The meta-analysis suggests that progressive resistance exercise has modest reductions in resting systolic and diastolic blood pressure. It is important to note that even small reductions in blood pressure have a beneficial effect in reducing cardiovascular disease morbidity and mortality (Kelley and Kelley 2000). An interesting finding of this investigation was that circuit training protocols result in similar blood pressure changes as do traditional % 1-RM designs. The researchers suggest uttermost caution in prescribing high intensity resistance exercise for those with high blood pressure, as peak systolic and diastolic values of 320 and 250 mmHG have been observed with this type of training.

Final Thoughts
Previously, individuals with hypertension have been counseled not to engage in resistance exercise programs because of fears of an unusually high blood pressure response. However, from this research review, it appears that moderate intensity weight training and circuit training may be recommended as part of an all-around exercise program that will help improve quality of life and reduce cardiovascular disease risk.

Side Bar 1. Blood Pressure Response to Aerobic Exercise
During upright exercise, the normal blood pressure response is to observe a progressive increase in systolic blood pressure with no change or even a slight decrease in diastolic blood pressure. The slight decrease in diastolic blood pressure is due primarily to the vasodilation of the arteries from the exercise bout. Thus, the expansion in artery size may lower blood pressure during the diastolic phase. A failure of the systolic blood pressure to rise with an increase in intensity (called exertional hypotension) is considered abnormal, and may occur in patients with a number of cardiovascular problems. Contrariwise, an increase in diastolic blood pressure of more than 10 mmHg during or after exercise represents an unstable form of hypertension, and may be associated with coronary artery disease. Following exercise, systolic blood pressure progressively declines during an active recovery. With a passive (such as seated) recovery, systolic blood pressure may drop abruptly due to the pooling of blood in the peripheral areas of the body. There may also be a drop in diastolic blood pressure, during the recovery phase of exercise due to the vasodilation. Persons on medications will have variable responses to exercise. Therefore it is prudent to contact their health practitioners to be aware of what would be considered normative under these circumstances.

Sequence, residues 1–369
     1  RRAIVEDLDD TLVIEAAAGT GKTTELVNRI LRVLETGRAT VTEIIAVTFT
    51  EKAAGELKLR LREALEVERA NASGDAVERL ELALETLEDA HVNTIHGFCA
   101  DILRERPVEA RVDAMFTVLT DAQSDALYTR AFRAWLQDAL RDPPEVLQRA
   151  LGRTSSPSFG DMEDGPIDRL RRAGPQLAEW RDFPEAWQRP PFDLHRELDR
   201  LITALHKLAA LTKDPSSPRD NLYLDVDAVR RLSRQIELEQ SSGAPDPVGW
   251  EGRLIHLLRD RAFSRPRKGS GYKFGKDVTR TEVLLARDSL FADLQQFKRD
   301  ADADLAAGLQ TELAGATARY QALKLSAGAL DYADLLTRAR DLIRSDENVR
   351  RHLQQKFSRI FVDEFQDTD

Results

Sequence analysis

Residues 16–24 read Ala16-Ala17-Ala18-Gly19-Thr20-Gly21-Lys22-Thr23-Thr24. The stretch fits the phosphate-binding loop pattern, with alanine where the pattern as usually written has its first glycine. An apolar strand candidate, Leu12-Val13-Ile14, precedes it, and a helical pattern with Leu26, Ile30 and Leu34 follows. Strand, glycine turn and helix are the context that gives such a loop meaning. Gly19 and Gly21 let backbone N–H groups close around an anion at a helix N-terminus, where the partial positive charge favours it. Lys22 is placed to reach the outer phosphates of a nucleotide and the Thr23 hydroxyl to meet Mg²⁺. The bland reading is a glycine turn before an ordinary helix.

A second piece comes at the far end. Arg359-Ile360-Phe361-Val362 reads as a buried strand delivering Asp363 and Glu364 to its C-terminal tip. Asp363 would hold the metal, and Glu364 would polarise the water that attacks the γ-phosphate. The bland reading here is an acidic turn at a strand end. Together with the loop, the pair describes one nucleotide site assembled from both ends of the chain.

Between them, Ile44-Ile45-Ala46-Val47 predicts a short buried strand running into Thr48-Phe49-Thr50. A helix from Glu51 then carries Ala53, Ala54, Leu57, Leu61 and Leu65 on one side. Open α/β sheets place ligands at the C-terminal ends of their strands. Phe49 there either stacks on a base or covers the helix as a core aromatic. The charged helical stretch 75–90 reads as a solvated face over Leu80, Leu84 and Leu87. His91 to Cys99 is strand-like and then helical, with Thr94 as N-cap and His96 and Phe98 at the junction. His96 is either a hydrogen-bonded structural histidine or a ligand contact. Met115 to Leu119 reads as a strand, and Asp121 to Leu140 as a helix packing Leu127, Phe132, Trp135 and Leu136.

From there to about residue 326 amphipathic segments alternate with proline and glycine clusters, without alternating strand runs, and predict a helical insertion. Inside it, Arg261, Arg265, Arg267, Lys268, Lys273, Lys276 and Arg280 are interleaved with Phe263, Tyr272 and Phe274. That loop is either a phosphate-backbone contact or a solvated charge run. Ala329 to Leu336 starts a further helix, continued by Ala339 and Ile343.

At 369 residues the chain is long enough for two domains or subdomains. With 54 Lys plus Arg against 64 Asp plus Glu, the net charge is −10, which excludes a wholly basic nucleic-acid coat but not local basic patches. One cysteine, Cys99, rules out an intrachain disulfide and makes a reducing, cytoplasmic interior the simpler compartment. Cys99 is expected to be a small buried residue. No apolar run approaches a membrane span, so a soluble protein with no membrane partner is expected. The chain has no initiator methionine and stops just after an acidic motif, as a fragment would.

Table 1. Classification of Blood Pressure for Adults Aged 18 Years and Older*
From the Sixth Report of the Joint Committee on Prevention, Detection, Evaluation, and Treatment of High Blood Pressure (JNCVI), Public Health Service, National Institutes of Health, National Heart, Lung and Blood Institute, NIH Publication No. 98-4080, November 1997.

*Based on the average of two or more readings taken at each of two or more times. When diastolic and systolic blood pressure falls into different categories, the higher category should be selected for classification.

Additional References:
Joint National Committee on Prevention, Detection, Evaluation, and Treatment of High Blood Pressure. (1997). The sixth report of the Joint National Committee on Prevention, Detection, Evaluation, and Treatment of High Blood Pressure. Archives of Internal Medicine. 157: 2413-2444.

Nieman, D. C. The Exercise-Health Connection. (1998). Human Kinetics.